Fed's Bostic says he would have dissented against last rate cut, economy is solid

(Reuters) - Atlanta Federal Reserve Bank President Raphael Bostic said on Thursday that he would have probably dissented against the last rate cut if he had a vote in monetary policy because the U.S. economy is “solid” and not in need of easing.

FILE PHOTO: President and Chief Executive Officer of the Federal Reserve Bank of Atlanta Raphael W. Bostic speaks at a European Financial Forum event in Dublin, Ireland February 13, 2019. REUTERS/Clodagh Kilcoyne

Bostic still expects the economy to grow above trend and projects inflation will reach the Fed’s 2% target, he told reporters after an event organized by the Money Marketeers of New York University.

“Consumers are staying pretty rock solid,” Bostic said, citing economic data and business surveys. He said current monetary policy is “accommodative” and there would need to be a “significant” shift in economic data for him to support either a rate cut or a rate increase.

The negative effects of the prolonged trade war with China have grown but they remain modest and are not yet hitting consumers, Bostic said.

“Many businesses that we’ve talked to basically said we’re not going to pass that on, so we have not seen consumers face the tariffs,” he said. “When we do, that will be a new phase of the tariff war,”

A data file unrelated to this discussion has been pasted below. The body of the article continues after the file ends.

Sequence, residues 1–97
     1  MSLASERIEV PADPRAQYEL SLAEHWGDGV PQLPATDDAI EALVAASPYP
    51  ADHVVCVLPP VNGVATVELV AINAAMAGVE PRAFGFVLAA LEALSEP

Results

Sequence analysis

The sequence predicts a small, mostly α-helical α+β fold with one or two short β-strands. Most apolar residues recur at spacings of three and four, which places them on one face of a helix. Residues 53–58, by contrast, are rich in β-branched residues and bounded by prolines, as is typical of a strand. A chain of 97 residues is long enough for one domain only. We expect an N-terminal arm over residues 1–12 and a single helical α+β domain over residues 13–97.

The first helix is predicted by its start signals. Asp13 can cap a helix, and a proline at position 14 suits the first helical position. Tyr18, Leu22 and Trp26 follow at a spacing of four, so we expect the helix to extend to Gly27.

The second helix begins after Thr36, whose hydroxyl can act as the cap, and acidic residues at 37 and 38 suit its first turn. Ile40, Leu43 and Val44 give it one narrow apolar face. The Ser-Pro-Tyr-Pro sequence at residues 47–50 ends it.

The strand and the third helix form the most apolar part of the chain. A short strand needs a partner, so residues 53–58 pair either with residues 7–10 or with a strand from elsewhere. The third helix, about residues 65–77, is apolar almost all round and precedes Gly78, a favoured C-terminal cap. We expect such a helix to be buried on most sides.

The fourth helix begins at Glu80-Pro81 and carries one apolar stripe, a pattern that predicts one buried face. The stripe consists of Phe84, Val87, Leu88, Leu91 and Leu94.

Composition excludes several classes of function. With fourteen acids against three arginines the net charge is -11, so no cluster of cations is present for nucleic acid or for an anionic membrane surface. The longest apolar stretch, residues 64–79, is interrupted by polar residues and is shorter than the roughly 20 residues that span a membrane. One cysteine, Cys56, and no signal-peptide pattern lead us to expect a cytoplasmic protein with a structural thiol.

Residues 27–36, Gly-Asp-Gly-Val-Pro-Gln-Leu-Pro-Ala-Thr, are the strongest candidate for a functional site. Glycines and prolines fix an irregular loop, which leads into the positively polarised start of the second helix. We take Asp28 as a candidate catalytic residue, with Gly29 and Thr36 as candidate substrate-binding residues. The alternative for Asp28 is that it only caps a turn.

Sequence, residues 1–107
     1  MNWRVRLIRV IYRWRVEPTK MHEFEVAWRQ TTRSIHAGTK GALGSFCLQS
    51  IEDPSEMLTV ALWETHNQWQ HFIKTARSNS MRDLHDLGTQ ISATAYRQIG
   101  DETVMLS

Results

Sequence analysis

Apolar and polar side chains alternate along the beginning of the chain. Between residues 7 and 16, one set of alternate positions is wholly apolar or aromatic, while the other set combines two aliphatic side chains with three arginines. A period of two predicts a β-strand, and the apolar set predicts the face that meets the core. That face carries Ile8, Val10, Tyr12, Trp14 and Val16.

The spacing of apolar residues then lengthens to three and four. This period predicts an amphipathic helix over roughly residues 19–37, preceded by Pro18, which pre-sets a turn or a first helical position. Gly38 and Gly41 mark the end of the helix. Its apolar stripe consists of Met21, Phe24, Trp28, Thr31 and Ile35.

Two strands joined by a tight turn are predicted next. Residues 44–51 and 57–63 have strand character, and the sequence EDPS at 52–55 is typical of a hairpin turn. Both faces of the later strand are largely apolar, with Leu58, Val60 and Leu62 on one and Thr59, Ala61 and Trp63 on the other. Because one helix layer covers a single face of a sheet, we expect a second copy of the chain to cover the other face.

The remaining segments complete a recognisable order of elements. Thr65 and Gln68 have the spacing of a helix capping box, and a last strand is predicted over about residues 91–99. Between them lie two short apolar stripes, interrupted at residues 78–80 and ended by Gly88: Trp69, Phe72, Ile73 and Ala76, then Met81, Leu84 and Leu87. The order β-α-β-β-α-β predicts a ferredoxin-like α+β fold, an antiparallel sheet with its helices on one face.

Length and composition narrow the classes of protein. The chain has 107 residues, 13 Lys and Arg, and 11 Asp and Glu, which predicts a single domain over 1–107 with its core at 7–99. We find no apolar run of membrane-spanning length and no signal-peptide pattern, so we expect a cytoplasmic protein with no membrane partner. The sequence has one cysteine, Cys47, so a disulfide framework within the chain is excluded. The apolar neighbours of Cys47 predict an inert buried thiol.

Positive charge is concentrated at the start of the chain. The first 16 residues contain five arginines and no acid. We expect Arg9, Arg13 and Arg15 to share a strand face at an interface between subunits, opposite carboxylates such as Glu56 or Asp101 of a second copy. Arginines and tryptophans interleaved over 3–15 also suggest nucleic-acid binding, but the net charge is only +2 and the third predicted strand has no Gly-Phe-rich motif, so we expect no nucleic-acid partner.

Consumers are likely to continue to spend as long as the labor market remains strong, he said. And there are some signs the U.S. labor market may be a “bit beyond full employment” according to conversations with business leaders in his district, he said.

Some employers struggling to find workers are now relaxing their hiring standards by eliminating background checks, drug tests or job interviews, he said. Staffing agencies have reported that some new hires don’t show up for work because they have found better jobs.

One large food service company is even allowing people to start work the same day they apply, he said.

“I do think that the economy today is on solid footing and is likely to remain so,” Bostic said. “I am fairly comfortable standing pat with policy and strongly favor weighing the incoming data, both macro and micro, over the coming months before deciding on any further adjustments.”

Fed officials voted last week to lower the benchmark interest rate for the third time this year. Fed Chairman Jerome Powell and other policymakers characterized the rate reduction as the last of the central bank’s “insurance” cuts.

The Fed’s target rate is now at a range of 1.50% to 1.75%. Bostic does not vote in monetary policy decisions this year, though he participates in policy discussions, and he will become a voting member in 2021.

Reporting by Jonnelle Marte; Editing by Leslie Adler & Shri Navaratnam